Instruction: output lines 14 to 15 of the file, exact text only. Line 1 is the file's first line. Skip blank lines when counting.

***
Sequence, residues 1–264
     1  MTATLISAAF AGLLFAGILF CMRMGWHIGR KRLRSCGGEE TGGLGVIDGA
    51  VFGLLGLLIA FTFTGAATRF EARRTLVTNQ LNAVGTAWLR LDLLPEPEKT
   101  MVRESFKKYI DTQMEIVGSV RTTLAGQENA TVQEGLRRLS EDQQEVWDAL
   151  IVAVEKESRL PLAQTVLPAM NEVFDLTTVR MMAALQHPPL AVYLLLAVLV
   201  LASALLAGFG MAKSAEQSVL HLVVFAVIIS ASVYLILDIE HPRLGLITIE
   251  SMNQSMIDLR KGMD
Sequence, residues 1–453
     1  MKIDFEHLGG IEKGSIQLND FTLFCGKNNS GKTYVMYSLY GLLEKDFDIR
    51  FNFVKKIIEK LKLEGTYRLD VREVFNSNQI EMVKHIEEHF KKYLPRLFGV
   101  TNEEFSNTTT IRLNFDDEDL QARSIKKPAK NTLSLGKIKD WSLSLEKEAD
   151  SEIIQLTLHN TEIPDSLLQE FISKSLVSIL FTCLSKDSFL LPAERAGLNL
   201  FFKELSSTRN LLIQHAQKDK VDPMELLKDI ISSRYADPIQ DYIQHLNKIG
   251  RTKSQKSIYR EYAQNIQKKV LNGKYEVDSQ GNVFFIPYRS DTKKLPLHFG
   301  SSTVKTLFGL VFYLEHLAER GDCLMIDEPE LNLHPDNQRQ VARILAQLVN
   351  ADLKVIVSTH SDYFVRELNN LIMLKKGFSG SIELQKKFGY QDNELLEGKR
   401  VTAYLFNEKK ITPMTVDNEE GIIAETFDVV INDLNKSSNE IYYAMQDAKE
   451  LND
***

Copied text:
   251  RTKSQKSIYR EYAQNIQKKV LNGKYEVDSQ GNVFFIPYRS DTKKLPLHFG
   301  SSTVKTLFGL VFYLEHLAER GDCLMIDEPE LNLHPDNQRQ VARILAQLVN